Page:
Would she be open to maybe another year of ballet (fantastic for posture), so she has the basics, then transfer over to another type of dance

If she loves it, let her continue. A career as a dancer is pretty grim - short, impoverished and injury-filled unless you're a one-in-a-trillion like Darcey Bussel - so if she doesn't look like she's headed that way, be very pleased! grin But at least she'll have a hobby she loves, that also keeps her fit and sociable. How good she is at it it immaterial.

deepbluetr Mon 16-Jun-14 15:36:59

"8 is actually relatively "old" to start ballet" - yes but that depends on the reasons for starting. My DDs dance school has a ballet class for "teen starters" it's lovely to see these 14 and 15 year olds blossom as they begin to dance, sitting their grade 2 or three. Great for body image, confidence and 100 other reasons. No they will not become profesional dancers starting so late- but that isn't so important.

My DD like yours has been dancing since she was 4, 10 years ago, but I would say it's never too late to start

I started ballet at 14. I was en pointe and with girls my own age within six months and ready to audition for professional schools by 17. There is no 'too old', really. It's down to the individual. Professional examples: Natalia Makarova and Misty Copeland never set foot in a ballet class until they were 13 years old. Didn't do their careers any harm smile

deepbluetr Mon 16-Jun-14 15:48:30

That's very inspiring Elphaba.

cosmicstardust Mon 16-Jun-14 16:06:12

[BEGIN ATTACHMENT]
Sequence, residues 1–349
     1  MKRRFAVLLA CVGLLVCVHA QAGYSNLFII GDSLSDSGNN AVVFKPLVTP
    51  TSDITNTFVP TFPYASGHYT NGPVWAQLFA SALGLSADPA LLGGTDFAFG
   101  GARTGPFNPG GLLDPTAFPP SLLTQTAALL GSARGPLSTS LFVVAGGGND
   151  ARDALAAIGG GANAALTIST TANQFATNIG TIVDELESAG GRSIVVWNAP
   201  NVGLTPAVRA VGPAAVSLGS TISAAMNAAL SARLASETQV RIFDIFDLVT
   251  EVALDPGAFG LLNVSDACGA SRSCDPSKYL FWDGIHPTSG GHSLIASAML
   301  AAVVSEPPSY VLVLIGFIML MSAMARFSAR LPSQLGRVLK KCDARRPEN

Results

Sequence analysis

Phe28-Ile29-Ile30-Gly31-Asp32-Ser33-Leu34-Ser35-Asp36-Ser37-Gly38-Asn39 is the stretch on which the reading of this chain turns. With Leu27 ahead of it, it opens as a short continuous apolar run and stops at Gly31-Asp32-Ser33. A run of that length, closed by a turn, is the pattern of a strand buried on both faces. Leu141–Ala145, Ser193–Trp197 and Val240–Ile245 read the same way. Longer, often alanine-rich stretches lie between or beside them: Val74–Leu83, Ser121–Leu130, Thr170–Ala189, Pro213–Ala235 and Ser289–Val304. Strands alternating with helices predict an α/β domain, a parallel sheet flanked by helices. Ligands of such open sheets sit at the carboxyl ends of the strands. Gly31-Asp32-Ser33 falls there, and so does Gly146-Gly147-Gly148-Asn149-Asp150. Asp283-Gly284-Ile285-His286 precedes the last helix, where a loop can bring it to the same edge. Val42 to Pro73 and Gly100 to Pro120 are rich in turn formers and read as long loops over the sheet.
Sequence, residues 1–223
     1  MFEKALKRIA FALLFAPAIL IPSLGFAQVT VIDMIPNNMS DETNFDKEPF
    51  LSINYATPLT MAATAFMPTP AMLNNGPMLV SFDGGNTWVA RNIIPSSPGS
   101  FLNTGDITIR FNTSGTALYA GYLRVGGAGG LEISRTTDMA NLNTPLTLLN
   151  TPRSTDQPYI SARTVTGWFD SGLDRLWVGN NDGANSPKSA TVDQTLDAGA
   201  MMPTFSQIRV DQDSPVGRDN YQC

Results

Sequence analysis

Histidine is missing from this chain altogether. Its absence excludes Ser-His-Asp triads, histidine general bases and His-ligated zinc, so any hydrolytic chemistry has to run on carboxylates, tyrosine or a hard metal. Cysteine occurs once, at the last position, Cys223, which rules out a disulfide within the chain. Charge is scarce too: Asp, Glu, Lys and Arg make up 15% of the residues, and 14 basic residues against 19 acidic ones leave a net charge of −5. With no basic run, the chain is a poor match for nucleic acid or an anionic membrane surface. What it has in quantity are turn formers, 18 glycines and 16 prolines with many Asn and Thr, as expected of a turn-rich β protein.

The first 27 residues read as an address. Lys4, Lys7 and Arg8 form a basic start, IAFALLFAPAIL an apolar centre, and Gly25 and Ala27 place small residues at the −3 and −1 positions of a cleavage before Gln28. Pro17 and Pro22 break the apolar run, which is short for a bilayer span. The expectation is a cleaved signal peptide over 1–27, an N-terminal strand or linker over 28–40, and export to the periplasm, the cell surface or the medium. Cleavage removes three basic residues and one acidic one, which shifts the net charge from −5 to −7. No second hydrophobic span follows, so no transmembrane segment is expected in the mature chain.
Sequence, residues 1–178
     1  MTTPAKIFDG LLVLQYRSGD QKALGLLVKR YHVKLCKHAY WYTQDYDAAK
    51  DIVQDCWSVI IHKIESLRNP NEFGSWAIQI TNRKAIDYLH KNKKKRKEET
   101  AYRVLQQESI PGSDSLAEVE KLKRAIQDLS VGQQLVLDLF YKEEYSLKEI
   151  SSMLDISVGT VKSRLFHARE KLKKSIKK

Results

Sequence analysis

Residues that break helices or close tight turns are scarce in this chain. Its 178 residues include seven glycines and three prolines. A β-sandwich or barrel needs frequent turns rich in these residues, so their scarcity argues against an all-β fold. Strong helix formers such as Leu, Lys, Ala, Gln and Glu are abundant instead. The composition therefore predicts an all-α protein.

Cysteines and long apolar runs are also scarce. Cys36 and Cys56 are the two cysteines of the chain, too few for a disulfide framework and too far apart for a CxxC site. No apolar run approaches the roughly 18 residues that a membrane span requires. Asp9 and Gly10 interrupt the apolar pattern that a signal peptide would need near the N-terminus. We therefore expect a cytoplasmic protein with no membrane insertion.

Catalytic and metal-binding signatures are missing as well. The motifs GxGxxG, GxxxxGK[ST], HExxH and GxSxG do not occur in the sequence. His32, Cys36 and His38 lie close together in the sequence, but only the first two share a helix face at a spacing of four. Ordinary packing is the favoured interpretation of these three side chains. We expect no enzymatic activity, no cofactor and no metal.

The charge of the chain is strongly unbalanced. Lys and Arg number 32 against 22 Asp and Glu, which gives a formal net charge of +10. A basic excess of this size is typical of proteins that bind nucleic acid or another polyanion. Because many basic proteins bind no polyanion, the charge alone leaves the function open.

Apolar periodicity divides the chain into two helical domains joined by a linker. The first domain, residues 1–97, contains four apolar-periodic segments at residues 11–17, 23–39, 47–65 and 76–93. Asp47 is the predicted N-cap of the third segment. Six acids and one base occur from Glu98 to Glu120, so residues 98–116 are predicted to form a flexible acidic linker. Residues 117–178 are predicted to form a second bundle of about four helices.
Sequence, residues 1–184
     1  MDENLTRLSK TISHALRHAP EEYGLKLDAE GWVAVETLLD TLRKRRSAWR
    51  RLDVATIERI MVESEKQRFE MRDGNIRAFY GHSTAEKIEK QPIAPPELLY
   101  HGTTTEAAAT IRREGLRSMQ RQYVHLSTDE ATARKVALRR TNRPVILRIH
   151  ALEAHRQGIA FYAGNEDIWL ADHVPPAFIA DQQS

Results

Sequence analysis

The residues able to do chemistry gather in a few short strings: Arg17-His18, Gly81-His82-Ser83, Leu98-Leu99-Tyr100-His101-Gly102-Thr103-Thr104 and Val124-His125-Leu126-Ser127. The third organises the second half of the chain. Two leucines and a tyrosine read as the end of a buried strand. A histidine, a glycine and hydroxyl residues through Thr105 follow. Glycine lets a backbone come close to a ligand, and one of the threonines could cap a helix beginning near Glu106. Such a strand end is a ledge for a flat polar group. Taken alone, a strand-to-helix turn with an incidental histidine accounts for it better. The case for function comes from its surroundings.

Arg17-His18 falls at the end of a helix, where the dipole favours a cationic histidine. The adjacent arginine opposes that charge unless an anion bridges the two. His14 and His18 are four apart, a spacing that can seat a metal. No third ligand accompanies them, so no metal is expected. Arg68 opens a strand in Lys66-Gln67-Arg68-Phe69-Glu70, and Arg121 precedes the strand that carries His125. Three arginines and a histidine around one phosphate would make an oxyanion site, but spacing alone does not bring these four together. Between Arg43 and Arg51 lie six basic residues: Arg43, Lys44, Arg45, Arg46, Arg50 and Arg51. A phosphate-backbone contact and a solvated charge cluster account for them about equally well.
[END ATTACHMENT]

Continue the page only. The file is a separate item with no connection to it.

To be honest I'm not convinced she is a 'natural' as such pink, I think if you're naturally quite flexible and you have a bit of a perfectionist mentality it's just easy to look like one at 7 IYSWIM. We live in an area where a lot of Dance Moms-esque competition dance goes on, so most of the kids with real talent are going to be at the 'proper' dance studios near us, not in recreational classes. DD is going to try a class at a ballet school this week which will be with kids who have been doing two classes a week for at least this year, it could well be a different story there! I know absolutely nothing about dance so could be totally wrong but I don't think the current teacher is as diabolically awful as some have told me she must be. But I do think she probably puts more emphasis on doing the steps to a decentish standard and having fun than she does on doing it all properly.

Picturesinthefirelight Mon 16-Jun-14 20:04:33

That is inspiring & also Katymacs dd is another example of a late starter (though she had done ballroom & Latin)

My dd is at vocational school but regardless if how good she is or isn't I would still let her dance & be the best that she can be because she loves it so much.

Some stuff can definatly he taught (technique, posture etc) some you are born with or not (turnout, feet, flexibility) sine is innate (musicality, performance)

Picturesinthefirelight Mon 16-Jun-14 20:07:03

Cosmic- I've known of children start ballet at age 8-9get into junior associates a year later then White Lodge at 11 so it can be done.

tumbletumble Mon 16-Jun-14 20:16:43

What does your DD say, OP? I think if she has been dancing for two years and is still looking 'wooden' then it may be that she is naturally less talented than some girls and will never be as good as them. However that doesn't matter if she enjoys it.

You say you would love her to find a sport that she pursues throughout her teenage years, but that may not be what she wants. Maybe she is musical / bookish / an animal lover rather than sporty?

unrealhousewife Mon 16-Jun-14 20:28:18

Pinkhouse after reading these recent posts, perhaps DD's dancing days are just beginning.

pinkhousesarebest Mon 16-Jun-14 22:16:27

It's encouraging, isn't it? Anyway, she does seem to love it and that's the main thing. And if she could look like the senior girls (all shapes and sizes but really comfortable in their bodies and fit) what a bonus that would be.
Am off to read your link Deepblue. Elphaba do you still dance?